We blink. We either do it consciously or unconsciously, and we do it around 10,000 times per day – about every four seconds. Our eyes blink for many reasons. It serves to keep our eyes moist with tears (even if we’re not crying). It also protects our eyes from dust, foreign objects and bright lights. Without eyelids, how could you sleep?
Blinking is made possible by a muscle in the face called the obicularis oculi. It’s the only muscle that can close the eyelid and keep it shut. Some people lose the ability to use this important muscle – thus losing the ability to completely close their eyes. This can be very uncomfortable; the eye is unprotected and tears drain onto the face.
On Twitter, I was asked an interesting question about blinking:
This is actually a common myth, @XylemT. Men and women usually blink at identical rates. However, one study showed that women on birth control pills blinked 32% more.
Researchers from Oregon studied this by observing the eyes of 59 males and 86 females. Fourty-four of the females were taking birth control pills. After observing their eyes for 5 minutes, they found that men and women (who weren’t on birth control), blinked at comparable rates of 14.5 times a minute and 14.9 times per minute, respectively.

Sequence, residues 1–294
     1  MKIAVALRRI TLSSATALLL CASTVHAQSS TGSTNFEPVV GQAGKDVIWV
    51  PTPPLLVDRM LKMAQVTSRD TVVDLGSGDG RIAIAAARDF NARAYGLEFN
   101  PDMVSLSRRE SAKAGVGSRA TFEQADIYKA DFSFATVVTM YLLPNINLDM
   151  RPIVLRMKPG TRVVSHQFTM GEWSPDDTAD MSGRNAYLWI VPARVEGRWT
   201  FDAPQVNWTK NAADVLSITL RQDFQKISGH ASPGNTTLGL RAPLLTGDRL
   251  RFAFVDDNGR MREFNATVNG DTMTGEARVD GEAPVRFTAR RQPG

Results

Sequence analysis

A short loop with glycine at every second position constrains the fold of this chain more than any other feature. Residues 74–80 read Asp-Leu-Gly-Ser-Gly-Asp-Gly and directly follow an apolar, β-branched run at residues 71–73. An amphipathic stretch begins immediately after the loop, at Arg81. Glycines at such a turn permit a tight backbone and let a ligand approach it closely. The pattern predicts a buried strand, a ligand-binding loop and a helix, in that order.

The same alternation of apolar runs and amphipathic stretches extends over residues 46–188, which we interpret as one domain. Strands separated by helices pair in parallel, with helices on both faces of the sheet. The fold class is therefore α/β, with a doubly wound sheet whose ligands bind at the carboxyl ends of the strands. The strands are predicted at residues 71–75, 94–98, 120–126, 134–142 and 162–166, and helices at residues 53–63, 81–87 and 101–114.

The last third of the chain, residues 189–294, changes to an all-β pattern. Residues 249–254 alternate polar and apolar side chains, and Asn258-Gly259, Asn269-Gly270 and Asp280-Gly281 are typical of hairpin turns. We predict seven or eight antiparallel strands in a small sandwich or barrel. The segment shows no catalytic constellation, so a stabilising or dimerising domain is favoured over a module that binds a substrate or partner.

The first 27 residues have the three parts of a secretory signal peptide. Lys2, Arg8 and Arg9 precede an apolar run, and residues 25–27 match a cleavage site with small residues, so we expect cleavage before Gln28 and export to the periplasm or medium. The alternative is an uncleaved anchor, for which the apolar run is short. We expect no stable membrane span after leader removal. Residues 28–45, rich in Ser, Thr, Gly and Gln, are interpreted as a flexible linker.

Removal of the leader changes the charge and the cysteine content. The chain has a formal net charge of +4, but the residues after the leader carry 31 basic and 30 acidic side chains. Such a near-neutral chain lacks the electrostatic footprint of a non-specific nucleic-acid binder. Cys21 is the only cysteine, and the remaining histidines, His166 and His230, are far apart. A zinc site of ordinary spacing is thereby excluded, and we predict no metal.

However, the women who were taking birth control pills blinked 19.6 times per minute! We’re not sure why.It’s possible that the pills affect our brain’s control center for involuntary blinking, the caudate nucleus. In fact, animal studies have shown that blink rates are influenced by the amount of dopamine that travels to that section of the brain. Although we don’t know if or how birth control increases dopamine levels, this shows how the intricacies of the body are still sometimes very much a mystery to us physicians.